22 Live-Long Tricks
Wash your hands before going to the bathroom.
Think of all the germs you touched while pushing that grocery shopping cart
or handling toys at your child's preschool, says Ganem. To avoid transferring
them to your private parts, he advises washing your hands thoroughly for at
least 10 seconds before peeing.
Make time for me-time.
The list of reasons why chronic high stress is bad for us seems never
ending: It can lead to depression, high cholesterol, and weight gain, to name a
few. "You want to keep everyday stress levels low, so that when something
really nerve-racking happens, your body's stress response isn't over the
top," says Pam Walker, Ph.D., a Dallas-based clinical psychologist. Find
regular outlets for blowing off steam, such as yoga, journaling, or having fun
Take a daily multivitamin.
It's good health insurance for imperfect diets — which many of us have, says
Michael F. Roizen, M.D., author of You: Staying Young. He recommends
choosing a multi that contains the following nutrients: vitamin D (800 to 1000
IUs); calcium (600 mg twice a day — you'll need a separate supplement to
meet these needs); magnesium (400 mg); and folic acid (400 mcg; 800 mcg if
you're pregnant or trying to become pregnant).
Sport UV-blocking shades.
"Sun exposure can have significant long-term effects on your eyes and on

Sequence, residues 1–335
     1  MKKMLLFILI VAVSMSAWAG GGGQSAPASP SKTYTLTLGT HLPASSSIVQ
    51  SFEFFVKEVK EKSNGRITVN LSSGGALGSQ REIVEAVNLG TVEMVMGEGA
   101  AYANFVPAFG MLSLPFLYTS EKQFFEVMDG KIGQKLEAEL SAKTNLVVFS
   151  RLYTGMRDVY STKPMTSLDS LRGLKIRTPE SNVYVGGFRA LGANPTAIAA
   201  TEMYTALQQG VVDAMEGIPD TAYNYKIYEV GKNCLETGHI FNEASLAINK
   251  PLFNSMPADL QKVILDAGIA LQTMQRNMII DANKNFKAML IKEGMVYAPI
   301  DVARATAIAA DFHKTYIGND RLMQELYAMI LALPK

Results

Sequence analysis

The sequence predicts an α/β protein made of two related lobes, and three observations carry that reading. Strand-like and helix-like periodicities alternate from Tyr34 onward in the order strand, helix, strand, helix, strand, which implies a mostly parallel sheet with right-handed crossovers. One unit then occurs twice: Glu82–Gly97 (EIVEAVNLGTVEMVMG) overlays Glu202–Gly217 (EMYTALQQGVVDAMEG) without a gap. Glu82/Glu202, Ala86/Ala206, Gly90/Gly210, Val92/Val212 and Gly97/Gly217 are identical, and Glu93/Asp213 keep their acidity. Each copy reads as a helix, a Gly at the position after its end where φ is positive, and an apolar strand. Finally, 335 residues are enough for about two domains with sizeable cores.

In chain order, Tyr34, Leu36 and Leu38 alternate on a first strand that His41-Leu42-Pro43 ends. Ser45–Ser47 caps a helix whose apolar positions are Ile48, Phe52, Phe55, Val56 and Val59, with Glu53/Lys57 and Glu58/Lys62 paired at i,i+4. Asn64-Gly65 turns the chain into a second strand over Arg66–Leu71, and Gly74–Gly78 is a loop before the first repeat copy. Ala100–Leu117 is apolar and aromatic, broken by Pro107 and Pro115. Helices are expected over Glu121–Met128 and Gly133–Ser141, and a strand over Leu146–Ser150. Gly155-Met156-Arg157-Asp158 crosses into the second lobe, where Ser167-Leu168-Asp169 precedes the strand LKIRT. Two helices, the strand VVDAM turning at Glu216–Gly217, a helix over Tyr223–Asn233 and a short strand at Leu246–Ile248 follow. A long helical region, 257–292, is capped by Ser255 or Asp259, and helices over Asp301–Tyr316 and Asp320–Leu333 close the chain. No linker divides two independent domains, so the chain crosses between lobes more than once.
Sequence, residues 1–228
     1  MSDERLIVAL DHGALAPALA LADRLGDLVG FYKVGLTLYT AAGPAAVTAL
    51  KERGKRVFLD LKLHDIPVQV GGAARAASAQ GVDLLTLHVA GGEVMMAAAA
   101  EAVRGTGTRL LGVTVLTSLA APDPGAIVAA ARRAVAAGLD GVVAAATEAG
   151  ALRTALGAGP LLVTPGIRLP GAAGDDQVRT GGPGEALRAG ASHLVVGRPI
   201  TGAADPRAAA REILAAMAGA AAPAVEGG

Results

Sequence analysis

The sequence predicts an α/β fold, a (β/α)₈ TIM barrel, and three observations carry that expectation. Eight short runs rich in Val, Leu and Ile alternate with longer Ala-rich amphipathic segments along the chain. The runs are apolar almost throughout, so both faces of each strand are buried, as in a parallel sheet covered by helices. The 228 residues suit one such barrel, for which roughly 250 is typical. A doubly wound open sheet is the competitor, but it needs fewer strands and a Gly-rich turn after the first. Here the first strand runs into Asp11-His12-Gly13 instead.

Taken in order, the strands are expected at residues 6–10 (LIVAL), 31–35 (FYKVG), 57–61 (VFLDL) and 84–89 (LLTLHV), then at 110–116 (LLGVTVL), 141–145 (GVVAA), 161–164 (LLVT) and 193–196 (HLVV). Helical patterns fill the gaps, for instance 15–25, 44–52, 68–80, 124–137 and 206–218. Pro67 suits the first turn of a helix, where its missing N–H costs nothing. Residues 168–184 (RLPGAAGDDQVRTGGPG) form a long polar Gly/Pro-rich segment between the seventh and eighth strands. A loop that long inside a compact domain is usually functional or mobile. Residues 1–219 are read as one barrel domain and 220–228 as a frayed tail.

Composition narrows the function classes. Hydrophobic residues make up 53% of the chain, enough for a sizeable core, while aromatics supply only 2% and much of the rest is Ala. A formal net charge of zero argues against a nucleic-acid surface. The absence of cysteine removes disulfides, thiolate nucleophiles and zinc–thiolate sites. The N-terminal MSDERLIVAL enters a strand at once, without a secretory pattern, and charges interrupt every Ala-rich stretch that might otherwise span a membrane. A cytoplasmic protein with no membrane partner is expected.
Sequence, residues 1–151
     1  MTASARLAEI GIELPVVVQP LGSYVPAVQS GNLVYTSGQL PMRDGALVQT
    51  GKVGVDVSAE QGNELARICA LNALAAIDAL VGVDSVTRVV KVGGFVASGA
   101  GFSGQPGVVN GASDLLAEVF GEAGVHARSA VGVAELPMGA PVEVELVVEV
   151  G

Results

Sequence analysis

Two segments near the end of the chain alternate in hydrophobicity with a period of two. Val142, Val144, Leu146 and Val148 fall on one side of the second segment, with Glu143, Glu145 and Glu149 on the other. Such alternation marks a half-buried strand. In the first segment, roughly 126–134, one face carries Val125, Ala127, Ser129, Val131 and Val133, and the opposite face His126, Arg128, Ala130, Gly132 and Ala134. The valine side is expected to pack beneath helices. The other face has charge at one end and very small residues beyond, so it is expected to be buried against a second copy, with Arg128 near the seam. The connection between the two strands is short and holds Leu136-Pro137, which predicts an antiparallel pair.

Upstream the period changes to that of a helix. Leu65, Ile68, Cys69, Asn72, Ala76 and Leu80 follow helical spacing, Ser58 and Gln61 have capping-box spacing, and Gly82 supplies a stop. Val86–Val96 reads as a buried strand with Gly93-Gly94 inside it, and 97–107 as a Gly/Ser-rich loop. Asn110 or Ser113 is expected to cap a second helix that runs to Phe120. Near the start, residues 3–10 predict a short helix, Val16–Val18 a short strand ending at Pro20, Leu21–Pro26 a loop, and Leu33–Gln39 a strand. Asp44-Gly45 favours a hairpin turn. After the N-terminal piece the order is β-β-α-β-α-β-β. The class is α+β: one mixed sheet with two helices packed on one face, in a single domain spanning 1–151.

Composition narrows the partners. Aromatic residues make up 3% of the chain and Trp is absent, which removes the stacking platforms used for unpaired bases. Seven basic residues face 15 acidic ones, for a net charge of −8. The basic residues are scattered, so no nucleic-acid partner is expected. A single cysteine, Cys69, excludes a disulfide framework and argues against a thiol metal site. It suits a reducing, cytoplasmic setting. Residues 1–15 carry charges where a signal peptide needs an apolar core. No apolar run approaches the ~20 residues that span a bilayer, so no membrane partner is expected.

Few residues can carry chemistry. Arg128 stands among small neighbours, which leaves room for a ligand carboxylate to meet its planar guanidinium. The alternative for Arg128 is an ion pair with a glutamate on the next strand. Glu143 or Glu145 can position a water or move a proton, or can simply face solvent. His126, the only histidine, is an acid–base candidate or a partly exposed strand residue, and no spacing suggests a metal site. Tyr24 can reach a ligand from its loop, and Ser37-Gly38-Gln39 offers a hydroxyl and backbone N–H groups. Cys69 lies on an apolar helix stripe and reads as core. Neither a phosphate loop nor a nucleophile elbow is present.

the sensitive skin around them," says Elaine Hathaway, M.D., an
ophthalmologist in Highland Park, NJ. Some potential risks: cataracts, macular
degeneration (the leading cause of blindness in older Americans), and basal
cell carcinoma, the most common form of skin cancer. To protect your peepers,
look for sunglasses that promise to block 99 to 100 percent of UVA and UVB
rays, and wear them year-round since the sun's rays are damaging even on cloudy
and winter days.
Sip white tea.
White tea is gearing up to replace green tea as the ultimate health brew.
While both beverages contain cancer-fighting antioxidants called polyphenols,
the leaves and buds used to make white tea undergo less processing than green
tea leaves and as a result retain more antioxidant power. Studies have also
found that white tea extract may help fight some common bacterial infections,
including strep and staph.
Relax the right way before bed.
Sleep deprivation doesn't just leave us groggy and grumpy — it also puts us
at greater risk for obesity, heart problems, depression, and motor vehicle
accidents. Unfortunately, more than half of American women get a good night's
sleep only a few times a week, according to the National Sleep Foundation's
2007 Sleep In America Poll. One likely reason: Eighty-seven percent of
us opt to zone out in front of the tube for an hour before bed rather than
turning in early, and watching television stimulates the brain, making it
harder to fall and stay asleep. To ensure sound slumber, TiVo your favorite
late-night shows for later viewing, and crawl into bed.